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[Obituary] Jeffrey Lima Hayes O'Riordan

Sa, 03/03/2018 - 01:00
Pioneer researcher in the hormonal control of bone metabolism. Born in Newport, UK, on March 27, 1931, he died in London, UK, of a bowel obstruction on Oct 9, 2017, aged 86 years.

[Correspondence] Putting Ireland's health spending into perspective

Sa, 03/03/2018 - 01:00
The Irish Taoiseach (Prime Minister) Leo Varadkar recently stated that Ireland spends the fifth highest amount on health in the world, therefore citizens should expect the fifth best health system in the world.1 Meanwhile, the European Commission has expressed concerns about the cost-effectiveness and sustainability of the Irish health system.2 However, these observations fail to take into account the fact that the Irish health system is only now recovering from historic long-term underfunding, the effects of which are still being felt.

[Correspondence] Tackling hepatitis C—Pakistan's road to success

Sa, 03/03/2018 - 01:00
In November, 2017, the annual World Hepatitis Summit in São Paulo, Brazil, assessed WHO's global health sector strategy on viral hepatitis 2016–20, and called for prompt, innovative, and coherent interventions, along with evidence-based research.1 The viral hepatitis pandemic caused an estimated 1·4 million deaths in 2015, and yet has received inadequate attention from donors and policy makers until recently, as outlined in an Editorial in The Lancet (Nov 11, 2017, p 2121).2 New data indicate that action has been fragmented and insufficient, with only 82 countries, including Pakistan, adopting strategies to eliminate viral hepatitis by 2030.

[Correspondence] Issues with measuring hepatitis prevalence in resource-limited settings

Sa, 03/03/2018 - 01:00
We read with interest the Correspondence from Noemi García-Tardón and colleagues (Sept 23, 2017, p 1485) 1 describing the prevalence of HIV, hepatitis B virus (HBV), and hepatitis C virus (HCV) infections among blood donors in Sierra Leone. Considering there are few data on viral hepatitis from the region, the authors should be congratulated for their efforts. However, we fear that some of their results and messages might be misleading.

[Correspondence] Ensuring value in health-related research

Sa, 03/03/2018 - 01:00
Funders of health-related research agree that although considerable research of high value exists, loss of any research because it asks the wrong questions, is poorly designed, is not published, or the reports are unusable is unacceptable.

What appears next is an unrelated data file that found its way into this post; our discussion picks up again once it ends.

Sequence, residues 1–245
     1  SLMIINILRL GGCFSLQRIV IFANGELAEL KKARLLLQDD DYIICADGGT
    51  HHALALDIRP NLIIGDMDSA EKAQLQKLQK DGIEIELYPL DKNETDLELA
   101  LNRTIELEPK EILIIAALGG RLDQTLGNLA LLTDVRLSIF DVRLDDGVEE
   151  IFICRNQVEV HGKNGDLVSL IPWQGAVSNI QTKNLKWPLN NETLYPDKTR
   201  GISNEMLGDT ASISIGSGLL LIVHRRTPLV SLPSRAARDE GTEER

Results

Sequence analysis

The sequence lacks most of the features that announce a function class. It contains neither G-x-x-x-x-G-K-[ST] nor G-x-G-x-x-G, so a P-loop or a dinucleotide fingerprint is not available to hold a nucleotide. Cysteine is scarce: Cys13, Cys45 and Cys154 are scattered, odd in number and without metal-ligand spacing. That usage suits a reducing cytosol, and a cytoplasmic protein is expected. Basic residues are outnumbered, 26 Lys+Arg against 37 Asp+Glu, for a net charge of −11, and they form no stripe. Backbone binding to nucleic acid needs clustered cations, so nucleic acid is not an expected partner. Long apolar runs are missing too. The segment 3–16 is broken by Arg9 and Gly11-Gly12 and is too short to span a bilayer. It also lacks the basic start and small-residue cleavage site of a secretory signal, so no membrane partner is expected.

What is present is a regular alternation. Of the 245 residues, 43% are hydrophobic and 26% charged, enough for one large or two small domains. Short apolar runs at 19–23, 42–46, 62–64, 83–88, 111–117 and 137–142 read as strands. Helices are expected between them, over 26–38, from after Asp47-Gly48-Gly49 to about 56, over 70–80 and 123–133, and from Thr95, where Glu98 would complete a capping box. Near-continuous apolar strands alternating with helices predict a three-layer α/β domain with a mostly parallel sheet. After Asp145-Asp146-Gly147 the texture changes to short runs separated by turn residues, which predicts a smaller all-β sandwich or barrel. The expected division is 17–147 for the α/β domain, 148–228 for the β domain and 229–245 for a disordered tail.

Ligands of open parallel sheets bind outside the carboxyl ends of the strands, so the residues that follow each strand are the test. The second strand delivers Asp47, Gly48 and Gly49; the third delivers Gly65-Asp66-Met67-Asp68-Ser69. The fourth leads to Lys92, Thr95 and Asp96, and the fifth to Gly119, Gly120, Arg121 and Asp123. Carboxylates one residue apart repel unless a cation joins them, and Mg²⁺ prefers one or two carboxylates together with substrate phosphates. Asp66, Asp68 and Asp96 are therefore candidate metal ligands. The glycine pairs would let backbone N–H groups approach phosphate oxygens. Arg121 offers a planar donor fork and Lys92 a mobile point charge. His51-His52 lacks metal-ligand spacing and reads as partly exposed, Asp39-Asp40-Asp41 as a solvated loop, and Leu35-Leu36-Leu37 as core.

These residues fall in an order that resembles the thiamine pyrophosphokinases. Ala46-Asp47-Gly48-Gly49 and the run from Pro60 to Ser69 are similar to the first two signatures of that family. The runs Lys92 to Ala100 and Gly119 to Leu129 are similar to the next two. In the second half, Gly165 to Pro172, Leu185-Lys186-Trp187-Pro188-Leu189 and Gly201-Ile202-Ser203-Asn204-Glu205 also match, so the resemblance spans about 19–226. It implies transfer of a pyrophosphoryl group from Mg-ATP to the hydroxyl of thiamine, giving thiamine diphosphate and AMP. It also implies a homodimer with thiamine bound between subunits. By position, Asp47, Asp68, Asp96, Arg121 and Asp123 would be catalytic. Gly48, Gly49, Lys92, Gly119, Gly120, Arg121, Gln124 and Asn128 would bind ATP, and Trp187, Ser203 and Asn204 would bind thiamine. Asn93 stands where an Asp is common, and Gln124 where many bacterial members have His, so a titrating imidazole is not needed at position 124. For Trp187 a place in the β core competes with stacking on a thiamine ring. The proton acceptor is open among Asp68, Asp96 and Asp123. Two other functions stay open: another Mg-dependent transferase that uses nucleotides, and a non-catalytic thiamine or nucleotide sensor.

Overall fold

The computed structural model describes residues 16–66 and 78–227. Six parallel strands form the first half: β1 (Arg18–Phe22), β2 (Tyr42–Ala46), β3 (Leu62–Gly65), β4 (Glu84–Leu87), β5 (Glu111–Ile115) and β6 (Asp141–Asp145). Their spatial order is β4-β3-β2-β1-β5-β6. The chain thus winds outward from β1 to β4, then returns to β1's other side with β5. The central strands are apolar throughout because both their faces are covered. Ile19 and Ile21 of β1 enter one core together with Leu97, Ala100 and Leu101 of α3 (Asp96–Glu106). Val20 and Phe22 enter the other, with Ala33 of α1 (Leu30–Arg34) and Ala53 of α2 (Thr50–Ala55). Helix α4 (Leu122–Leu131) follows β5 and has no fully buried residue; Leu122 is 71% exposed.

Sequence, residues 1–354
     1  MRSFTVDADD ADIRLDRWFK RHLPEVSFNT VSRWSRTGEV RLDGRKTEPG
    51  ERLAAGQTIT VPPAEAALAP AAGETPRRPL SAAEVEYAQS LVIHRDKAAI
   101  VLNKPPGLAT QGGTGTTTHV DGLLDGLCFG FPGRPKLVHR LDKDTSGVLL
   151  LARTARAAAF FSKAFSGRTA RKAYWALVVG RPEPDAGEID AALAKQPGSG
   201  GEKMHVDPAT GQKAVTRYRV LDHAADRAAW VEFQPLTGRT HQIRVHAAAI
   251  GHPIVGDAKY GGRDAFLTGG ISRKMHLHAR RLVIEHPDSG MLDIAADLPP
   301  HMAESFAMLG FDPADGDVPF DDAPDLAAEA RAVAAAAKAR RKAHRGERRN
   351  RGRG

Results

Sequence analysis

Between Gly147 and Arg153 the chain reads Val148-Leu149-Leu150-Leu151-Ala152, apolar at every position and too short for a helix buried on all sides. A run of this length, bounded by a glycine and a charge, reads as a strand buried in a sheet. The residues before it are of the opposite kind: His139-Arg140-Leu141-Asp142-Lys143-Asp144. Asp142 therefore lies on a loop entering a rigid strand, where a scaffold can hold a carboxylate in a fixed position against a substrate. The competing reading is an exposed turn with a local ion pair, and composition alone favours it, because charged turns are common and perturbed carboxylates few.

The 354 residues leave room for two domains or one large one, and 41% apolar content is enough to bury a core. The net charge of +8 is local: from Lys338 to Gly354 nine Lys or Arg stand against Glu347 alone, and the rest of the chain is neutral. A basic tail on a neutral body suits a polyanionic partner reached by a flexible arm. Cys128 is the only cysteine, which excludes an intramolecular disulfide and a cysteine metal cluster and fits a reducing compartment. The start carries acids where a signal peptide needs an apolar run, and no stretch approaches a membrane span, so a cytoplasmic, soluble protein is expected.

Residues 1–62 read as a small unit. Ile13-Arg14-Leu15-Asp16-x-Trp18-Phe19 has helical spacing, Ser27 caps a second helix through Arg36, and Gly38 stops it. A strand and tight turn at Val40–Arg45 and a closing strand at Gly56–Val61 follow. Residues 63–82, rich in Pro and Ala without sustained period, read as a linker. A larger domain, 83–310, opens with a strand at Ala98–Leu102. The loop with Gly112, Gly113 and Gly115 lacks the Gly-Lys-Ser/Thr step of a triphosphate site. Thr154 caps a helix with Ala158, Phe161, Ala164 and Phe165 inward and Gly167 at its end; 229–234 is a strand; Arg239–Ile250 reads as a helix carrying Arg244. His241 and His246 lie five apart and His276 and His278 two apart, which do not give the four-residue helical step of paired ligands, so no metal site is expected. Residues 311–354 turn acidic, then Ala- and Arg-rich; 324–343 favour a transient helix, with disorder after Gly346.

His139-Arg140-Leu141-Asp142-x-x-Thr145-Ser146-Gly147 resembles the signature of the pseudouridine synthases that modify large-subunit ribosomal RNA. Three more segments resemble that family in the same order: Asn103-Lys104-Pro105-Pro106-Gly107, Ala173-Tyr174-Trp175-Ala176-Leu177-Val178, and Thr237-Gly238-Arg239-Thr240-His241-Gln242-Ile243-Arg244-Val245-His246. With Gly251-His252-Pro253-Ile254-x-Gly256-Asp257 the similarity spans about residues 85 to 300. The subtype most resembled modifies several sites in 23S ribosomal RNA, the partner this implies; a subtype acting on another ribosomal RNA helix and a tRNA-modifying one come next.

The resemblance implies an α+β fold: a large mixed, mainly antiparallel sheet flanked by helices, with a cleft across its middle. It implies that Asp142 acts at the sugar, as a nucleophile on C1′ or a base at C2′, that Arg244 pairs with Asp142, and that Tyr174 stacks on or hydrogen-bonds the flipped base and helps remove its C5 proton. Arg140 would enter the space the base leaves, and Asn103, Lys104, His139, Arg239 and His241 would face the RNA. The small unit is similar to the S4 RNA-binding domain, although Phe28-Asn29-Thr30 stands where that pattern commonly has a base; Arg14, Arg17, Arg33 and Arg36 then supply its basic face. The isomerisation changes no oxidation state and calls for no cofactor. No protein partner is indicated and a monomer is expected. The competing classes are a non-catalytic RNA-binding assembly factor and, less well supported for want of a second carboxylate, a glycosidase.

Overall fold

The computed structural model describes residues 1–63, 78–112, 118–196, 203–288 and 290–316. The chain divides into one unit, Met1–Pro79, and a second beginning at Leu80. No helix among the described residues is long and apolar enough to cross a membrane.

[Correspondence] Foley catheterisation versus oral misoprostol to induce labour

Sa, 03/03/2018 - 01:00
The INFORM study (Aug 12, 2017, p 669)1 investigated Foley catheterisation versus oral misoprostol in women with hypertension who were scheduled for induction of labour. The authors report a statistically significant lower rate of vaginal delivery within 24 h among women induced via Foley catheterisation, and conclude that oral misoprostol is more effective than Foley catheterisation.

[Correspondence] Foley catheterisation versus oral misoprostol to induce labour – Author's reply

Sa, 03/03/2018 - 01:00
I thank Ben Mol for his thoughtful comments about our research.1 He is concerned that 24 h is too short a cutoff time for vaginal birth, and that we should have continued the induction process with the Foley catheter before resorting to caesarean section. We would usually agree with him, but our study was done in a very different setting to his Dutch study.2 In Europe, outcomes of induced labour are so good that the procedure is often performed for weak indications to prevent adverse outcomes; hence, the proportion of Dutch pregnancies that are induced is around 15%.

[Articles] Mapping the burden of cholera in sub-Saharan Africa and implications for control: an analysis of data across geographical scales

Ve, 02/03/2018 - 01:30
Although cholera occurs throughout sub-Saharan Africa, its highest incidence is concentrated in a small proportion of the continent. Prioritising high-risk areas could substantially increase the efficiency of cholera control programmes.

[Comment] Taking aim at cholera

Ve, 02/03/2018 - 01:30
In 1854, John Snow's work on cholera in London immortalised the power of mapping as a tool for disease prevention and control.1 Over 160 years later, a more ambitious effort to map cholera has been reported in The Lancet.2 Forgoing so-called shoe leather epidemiology in favour of big data, Justin Lessler and colleagues2 used 279 cholera datasets covering 2283 locations in 37 countries, and cluster-level maps of access to improved water and sanitation in 41 countries, to map cholera incidence across sub-Saharan Africa at a 20 km × 20 km grid scale.

[Comment] Nursing Now campaign: raising the status of nurses

Me, 28/02/2018 - 11:44
There have been enormous developments in nursing over the past decades, with extended roles, nurse practitioners, and degree level education spreading globally and with, for example, prescribing by nurses now established in countries as different as Botswana and the UK.1 Nursing and midwifery make up almost half the global health workforce, are at the centre of most health teams, and have a massive impact on health.2 However, nurses and midwives will assume an even more extensive and influential role in the future for at least six powerful reasons.

[Articles] Efficacy of self-monitored blood pressure, with or without telemonitoring, for titration of antihypertensive medication (TASMINH4): an unmasked randomised controlled trial

Me, 28/02/2018 - 01:30
Self-monitoring, with or without telemonitoring, when used by general practitioners to titrate antihypertensive medication in individuals with poorly controlled blood pressure, leads to significantly lower blood pressure than titration guided by clinic readings. With most general practitioners and many patients using self-monitoring, it could become the cornerstone of hypertension management in primary care.

[Comment] Hypertension: time for doctors to switch the driver's seat?